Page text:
Interesting article by Tom Flynn over at The Washington Post which provides food for thought:
Freedom: secularism's gift to the world
In light of the continuing political uprising throughout the Middle East, American leaders are reported to be recalculating their approach to the Muslim world.
Politico's Ben Smith wrote this week that the Obama administration "clearly sees an opportunity," signaling "that they're hoping the changes in Tunisia and Egypt spread, and that they're going to align themselves far more clearly with the young, relatively secular masses" in countries like Iran, Algeria and Lebanon.
Is this a new moment for American relations with Muslim countries? Is freedom a religious or secular idea?
Much as I may be setting myself up for later disappointment (I felt euphoric after Obama said he'd close Guantanamo too), I feel hugely encouraged by the popular revolutions in Tunisia, Egypt, and [insert the name of your favorite Arab country here]. For decades there seemed to be only two live possibilities in the Arab world: secular authoritarianism or some flavor of Islamic radicalism. Or in the case of Turkey, a prolonged slide from possibility number one to possibility number two. Of course America has repeatedly found itself siding with authoritarian despots because they were secular. Tunisia and Egypt mark the emergence of a third way that for too long seemed out of reach in that corner of the world: an impulse toward reform that's secular and free.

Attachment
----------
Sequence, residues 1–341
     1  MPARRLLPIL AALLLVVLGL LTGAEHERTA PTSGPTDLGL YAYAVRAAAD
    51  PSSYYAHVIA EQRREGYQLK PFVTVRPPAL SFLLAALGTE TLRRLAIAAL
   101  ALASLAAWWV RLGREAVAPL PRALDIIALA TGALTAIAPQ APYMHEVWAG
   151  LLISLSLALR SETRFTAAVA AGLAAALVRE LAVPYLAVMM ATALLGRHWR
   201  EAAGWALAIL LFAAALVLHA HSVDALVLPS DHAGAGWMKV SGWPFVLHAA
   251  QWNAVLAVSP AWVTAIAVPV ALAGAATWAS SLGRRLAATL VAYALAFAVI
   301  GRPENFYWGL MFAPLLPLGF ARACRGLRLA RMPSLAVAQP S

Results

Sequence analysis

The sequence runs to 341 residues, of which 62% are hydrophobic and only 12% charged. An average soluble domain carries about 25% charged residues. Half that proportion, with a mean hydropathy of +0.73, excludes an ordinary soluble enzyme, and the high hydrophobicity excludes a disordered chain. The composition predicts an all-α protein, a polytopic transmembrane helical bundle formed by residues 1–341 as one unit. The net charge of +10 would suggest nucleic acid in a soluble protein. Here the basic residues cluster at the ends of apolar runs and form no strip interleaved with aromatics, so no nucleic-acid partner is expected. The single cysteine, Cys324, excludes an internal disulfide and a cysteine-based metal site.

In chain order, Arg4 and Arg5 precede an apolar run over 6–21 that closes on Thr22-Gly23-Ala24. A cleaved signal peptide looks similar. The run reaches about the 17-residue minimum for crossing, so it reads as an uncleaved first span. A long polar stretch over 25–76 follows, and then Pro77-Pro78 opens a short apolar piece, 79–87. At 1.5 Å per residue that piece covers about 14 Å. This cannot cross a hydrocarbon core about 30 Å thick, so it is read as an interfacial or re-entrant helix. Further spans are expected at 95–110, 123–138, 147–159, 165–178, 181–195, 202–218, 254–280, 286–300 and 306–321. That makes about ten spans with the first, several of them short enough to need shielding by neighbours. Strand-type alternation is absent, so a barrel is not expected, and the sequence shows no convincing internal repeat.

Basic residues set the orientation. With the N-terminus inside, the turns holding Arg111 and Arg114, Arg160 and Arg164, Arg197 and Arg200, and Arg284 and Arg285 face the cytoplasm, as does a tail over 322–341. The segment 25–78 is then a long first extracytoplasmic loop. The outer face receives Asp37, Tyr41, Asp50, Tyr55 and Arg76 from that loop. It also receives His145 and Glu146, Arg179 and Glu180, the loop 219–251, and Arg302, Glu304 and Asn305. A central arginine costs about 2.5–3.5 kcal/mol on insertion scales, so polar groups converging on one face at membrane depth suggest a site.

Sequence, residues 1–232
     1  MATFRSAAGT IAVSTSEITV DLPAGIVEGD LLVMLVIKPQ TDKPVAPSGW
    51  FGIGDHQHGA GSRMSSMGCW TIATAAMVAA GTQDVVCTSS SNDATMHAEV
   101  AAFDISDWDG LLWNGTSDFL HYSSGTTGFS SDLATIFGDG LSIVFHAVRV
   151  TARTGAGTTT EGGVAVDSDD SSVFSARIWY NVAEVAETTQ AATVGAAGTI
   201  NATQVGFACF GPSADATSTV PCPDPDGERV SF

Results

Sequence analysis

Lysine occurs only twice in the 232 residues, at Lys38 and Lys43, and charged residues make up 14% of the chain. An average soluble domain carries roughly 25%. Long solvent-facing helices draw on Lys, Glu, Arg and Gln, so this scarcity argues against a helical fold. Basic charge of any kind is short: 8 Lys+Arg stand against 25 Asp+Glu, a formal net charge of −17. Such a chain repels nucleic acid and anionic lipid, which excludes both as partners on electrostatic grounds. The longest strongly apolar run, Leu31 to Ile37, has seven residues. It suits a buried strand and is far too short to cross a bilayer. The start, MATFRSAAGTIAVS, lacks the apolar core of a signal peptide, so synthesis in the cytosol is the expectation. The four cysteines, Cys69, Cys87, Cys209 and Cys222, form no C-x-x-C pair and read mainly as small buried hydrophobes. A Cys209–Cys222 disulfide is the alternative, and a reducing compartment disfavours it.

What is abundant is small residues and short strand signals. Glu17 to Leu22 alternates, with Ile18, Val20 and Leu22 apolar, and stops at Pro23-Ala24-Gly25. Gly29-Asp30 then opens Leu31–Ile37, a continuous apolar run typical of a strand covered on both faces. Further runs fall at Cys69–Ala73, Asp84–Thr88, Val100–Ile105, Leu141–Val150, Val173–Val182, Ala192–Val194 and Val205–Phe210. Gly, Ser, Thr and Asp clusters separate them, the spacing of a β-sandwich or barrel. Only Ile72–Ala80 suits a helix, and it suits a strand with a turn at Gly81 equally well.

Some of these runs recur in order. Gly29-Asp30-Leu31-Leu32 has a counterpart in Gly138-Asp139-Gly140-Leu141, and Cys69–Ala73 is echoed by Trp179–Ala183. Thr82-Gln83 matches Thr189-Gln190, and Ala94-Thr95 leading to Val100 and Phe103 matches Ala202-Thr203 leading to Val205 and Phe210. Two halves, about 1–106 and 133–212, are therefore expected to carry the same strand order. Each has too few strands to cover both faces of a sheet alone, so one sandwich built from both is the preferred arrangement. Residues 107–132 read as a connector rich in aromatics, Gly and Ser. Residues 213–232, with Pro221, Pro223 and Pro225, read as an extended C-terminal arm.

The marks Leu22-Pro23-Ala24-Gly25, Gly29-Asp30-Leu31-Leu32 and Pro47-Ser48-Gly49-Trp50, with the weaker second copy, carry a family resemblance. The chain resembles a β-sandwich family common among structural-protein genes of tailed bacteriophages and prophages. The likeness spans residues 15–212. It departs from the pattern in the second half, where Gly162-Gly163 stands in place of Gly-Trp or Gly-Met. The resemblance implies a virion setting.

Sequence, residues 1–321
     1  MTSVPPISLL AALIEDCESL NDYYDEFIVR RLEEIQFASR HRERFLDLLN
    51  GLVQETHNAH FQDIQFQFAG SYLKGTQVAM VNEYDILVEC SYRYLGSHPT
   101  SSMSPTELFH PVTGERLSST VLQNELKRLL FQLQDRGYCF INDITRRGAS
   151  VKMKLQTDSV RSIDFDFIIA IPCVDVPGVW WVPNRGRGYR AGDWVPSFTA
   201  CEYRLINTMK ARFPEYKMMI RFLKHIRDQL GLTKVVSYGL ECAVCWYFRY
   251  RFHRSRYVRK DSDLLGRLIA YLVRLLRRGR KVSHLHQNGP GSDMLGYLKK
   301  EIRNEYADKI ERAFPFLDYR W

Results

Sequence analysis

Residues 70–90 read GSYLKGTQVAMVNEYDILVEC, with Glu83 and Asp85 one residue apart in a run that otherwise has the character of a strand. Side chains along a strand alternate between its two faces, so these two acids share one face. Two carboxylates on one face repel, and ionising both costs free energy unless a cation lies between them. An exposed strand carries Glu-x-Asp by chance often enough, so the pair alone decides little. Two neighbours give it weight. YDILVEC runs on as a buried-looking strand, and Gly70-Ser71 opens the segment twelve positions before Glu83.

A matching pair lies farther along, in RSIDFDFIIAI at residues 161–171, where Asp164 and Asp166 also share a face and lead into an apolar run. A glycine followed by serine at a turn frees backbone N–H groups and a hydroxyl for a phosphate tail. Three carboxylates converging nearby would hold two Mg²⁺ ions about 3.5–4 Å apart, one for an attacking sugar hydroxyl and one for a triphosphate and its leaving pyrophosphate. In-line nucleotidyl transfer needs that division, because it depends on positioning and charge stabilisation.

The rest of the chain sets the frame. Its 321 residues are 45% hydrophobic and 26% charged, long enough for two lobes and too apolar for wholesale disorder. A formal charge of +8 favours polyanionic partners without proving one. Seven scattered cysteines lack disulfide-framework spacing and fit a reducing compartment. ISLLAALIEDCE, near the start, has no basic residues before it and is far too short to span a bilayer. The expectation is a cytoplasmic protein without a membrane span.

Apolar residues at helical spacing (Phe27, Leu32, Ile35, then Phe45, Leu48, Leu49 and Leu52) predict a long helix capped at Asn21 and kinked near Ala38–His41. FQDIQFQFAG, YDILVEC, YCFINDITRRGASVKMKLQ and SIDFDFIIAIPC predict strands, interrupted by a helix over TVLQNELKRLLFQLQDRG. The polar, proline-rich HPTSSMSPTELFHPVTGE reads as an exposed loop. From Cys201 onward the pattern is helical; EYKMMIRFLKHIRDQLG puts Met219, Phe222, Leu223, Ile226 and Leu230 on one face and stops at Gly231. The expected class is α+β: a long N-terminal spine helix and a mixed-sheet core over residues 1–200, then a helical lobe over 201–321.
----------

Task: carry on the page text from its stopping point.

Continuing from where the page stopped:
That combination should surprise no one. Secularism has its roots at least in part in the Western Enlightenment, which is where most of our concepts about freedom got their start. Almost without exception, these evolved in opposition to the dominant religion of their day, which was Christianity.
Of course, Christianity shares with the other Abrahamic religions its concept of a god patterned on ancient kings and of a spiritual realm organized on the plan of royal courts. Human beings stand to Yahweh, God, or Allah as peasants before a king. Everyone knows that in Arabic Islam means "submission," but traditional Christianity and Judaism are little different in their picture of a deity before whom men and women have no rights save those the occupant of the throne of heaven condescends to grant them. (Actually, that's a pretty fair summary of the Christian concept of grace.)
The simple fact is that across the Christian and Muslim worlds, almost every concept we associate with freedom arose in reaction to Abrahamic religion, beginning with the once-radical notion that kings might, just might, not rule by the will of God. Ever since, the ideas that fueled the development of freedom have come from what we would now identify as the secularist camp. That's not to deny the possibility of back-fertilization; sometimes religions can genuinely absorb secular ideals of freedom (witness liberation theology in the Catholic Church in the 1960s and 1970s). But secularism, not faith, has been the historic crucible of freedom.
Of course that doesn't mean that every secularist is a freedom fighter. Mubarak is only the latest counter-example. But while not every secularist fights for freedom, I would argue that if you find a freedom fighter, scratch deep enough and you're almost bound to find a secularist.
Freedom may be the biggest idea secularism ever gave the world.
By Tom Flynn
February 15, 2011; 1:43 PM ET